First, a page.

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“Resilience is Important For an Entrepreneur” – Shankar Vaddadi, Founder, i-lend.in

He is a maverick entrepreneur. The experienced veteran who taps the important pain point prevailing in the market. Shankar Vaddadi, a quintessential entrepreneur and a corporate leader has held successful corporate leadership roles as CO- CEO & CEO of large companies in manufacturing, technology and engineering. I-lend.in, his second venture, is geared towards changing banking and financial services in India. I-lend, India’s leading online personal loan marketplace is disrupting conventional banking by giving the power of credit decisioning to Individuals through Technology and several algorithms. Shankar is at the forefront of disruption, building the alternate finance eco system.

Thugstart catches up with Shankar Vaddadi to understand his amazing journey from a startup rookie to a ‘high risk high return’ hustler. Shankar is now on a groundbreaking mission that will change the game face of lending in India.

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How did you start out as an entrepreneur?

I can actually go on to say that I was always thinking of doing something by myself          but that would be untrue. I was keener on solving a pain point which was visible and that’s how my attitude got shaped to become an entrepreneur. During my school days, I established and ran a door-to-door circulating library for a few weeks. Essentially solving the last mile problem. The library was shut once my father came to know about it and felt that I was doing something that does not befit his status.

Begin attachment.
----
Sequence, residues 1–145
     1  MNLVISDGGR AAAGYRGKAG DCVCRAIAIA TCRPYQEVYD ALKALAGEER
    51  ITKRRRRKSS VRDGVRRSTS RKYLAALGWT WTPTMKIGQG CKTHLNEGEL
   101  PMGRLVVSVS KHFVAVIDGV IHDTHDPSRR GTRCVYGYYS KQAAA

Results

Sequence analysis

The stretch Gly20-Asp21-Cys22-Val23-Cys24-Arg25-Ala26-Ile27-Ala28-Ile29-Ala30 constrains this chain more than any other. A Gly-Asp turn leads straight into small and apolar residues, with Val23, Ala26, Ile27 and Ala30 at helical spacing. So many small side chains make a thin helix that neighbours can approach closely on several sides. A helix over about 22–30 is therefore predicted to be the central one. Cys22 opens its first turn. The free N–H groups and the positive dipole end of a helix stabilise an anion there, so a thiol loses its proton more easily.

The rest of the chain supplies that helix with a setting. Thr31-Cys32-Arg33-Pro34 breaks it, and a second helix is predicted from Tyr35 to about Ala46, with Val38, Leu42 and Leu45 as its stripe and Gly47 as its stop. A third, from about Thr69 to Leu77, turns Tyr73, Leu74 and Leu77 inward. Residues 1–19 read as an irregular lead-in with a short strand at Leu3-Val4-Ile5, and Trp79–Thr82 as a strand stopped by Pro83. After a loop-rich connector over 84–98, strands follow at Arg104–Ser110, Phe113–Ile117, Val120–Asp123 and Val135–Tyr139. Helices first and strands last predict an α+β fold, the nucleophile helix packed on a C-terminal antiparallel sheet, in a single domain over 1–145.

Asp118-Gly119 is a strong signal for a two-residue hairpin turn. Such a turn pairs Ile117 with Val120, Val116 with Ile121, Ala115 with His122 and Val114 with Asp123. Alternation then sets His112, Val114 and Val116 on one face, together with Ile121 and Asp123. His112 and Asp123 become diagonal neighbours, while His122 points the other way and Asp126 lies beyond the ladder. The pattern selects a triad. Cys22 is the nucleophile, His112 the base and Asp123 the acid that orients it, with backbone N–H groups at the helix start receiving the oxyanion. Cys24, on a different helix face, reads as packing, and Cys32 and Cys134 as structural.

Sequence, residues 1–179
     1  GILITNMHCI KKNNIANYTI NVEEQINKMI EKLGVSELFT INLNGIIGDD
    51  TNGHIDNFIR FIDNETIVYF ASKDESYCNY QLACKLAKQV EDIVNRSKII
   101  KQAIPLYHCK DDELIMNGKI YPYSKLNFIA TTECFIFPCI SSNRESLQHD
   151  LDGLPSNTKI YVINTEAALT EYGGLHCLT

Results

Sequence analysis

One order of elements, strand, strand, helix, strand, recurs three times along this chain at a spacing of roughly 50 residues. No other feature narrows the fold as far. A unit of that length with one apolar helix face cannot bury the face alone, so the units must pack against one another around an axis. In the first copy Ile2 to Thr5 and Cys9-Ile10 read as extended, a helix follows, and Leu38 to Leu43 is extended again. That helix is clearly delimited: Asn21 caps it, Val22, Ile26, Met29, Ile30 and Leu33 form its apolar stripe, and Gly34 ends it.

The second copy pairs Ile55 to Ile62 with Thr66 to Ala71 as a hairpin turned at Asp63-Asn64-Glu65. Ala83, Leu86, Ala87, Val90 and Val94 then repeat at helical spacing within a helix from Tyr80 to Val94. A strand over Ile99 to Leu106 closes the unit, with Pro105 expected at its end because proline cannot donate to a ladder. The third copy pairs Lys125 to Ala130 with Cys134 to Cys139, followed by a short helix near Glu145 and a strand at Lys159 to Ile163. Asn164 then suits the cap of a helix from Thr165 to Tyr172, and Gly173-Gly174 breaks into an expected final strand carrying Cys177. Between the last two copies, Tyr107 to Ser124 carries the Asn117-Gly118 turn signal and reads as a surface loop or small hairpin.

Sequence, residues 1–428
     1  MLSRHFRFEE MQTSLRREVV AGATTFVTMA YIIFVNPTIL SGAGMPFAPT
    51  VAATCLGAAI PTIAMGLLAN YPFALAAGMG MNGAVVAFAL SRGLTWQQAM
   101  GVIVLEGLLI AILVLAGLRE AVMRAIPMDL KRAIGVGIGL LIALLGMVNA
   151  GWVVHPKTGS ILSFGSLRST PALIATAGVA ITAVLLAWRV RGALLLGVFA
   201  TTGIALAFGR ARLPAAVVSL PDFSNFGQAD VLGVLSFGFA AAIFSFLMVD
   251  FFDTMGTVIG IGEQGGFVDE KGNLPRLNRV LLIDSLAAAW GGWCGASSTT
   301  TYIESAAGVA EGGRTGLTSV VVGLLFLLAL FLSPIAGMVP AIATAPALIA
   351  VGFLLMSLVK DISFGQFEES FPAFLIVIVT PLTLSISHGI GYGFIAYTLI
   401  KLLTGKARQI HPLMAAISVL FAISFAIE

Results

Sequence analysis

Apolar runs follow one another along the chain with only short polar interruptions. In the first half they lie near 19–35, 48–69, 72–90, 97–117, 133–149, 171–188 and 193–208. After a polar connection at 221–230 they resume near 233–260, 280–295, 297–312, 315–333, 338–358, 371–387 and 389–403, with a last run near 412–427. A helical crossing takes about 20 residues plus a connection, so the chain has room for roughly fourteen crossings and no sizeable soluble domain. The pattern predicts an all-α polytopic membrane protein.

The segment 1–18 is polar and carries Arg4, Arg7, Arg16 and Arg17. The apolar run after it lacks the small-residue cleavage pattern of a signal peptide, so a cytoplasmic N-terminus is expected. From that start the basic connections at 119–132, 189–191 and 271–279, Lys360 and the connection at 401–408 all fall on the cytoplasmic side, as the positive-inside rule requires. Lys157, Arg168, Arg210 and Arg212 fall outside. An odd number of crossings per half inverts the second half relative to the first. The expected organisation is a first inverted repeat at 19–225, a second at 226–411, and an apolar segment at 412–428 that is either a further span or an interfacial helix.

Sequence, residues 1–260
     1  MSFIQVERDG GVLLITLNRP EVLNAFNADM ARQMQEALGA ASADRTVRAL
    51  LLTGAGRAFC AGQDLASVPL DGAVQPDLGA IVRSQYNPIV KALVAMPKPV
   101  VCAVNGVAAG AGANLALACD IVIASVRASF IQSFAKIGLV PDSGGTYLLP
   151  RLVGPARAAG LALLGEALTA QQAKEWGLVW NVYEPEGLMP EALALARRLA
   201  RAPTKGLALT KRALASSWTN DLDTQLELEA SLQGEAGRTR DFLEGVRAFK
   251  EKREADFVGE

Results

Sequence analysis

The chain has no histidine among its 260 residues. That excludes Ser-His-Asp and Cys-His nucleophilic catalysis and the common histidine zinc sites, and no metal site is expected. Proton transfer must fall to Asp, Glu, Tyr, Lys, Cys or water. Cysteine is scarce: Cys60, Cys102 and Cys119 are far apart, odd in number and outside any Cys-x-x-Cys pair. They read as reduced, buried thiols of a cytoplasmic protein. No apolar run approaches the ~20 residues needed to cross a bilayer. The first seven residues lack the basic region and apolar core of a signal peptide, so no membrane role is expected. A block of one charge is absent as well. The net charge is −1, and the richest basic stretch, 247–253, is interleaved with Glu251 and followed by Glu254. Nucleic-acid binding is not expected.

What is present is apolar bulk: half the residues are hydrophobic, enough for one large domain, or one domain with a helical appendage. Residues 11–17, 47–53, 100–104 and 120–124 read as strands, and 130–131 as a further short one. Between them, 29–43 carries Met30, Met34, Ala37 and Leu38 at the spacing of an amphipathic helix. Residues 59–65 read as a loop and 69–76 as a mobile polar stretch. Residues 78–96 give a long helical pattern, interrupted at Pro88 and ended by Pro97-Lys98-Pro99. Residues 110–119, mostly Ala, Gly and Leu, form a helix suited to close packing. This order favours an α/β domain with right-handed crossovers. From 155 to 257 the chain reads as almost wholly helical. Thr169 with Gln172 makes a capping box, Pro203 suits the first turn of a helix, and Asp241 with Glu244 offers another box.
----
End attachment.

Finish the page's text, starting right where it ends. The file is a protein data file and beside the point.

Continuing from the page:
But I had loads of fun. I was the envy of my friends because I could boldly into every house in the guise of this circulating library and strike a conversation with girls. That was on a lighter side. On a serious note, I did make some money and had a great time and obviously it established my reputation in school.

The first real opportunity was in the retail technology, POS space in India. I was the first company to design and manufacture a totally indigenous point of sale system. This company, Extredge POS Systems Ltd, was a public company funded by no less than the IDBI Ventures. These were the days when there were no private venture funding yet. I eventually sold that company in 2005.

What were your initial challenges while starting out? Do you recall any prime milestones in the journey with respect challenges, opportunities or threats?

I had several, in terms of both opportunities and threats. However the challenges were quite formidable in those days. For instance, in order to buy land, you had to go to APIIC. The best joke was that in order to set up an electronics manufacturing facility one needed approval from the Inspector of Boilers!! But seriously, several challenges were there – people, process, funding, vendors etc.

The major milestone was to get a full manufactured POS machine and also to get someone to buy it. The challenges were because of various technologies and making all of them ‘talk’ together. Competing with the likes of IBM & Siemens didn’t help and getting a retail store owner to believe that the company has the capability was huge.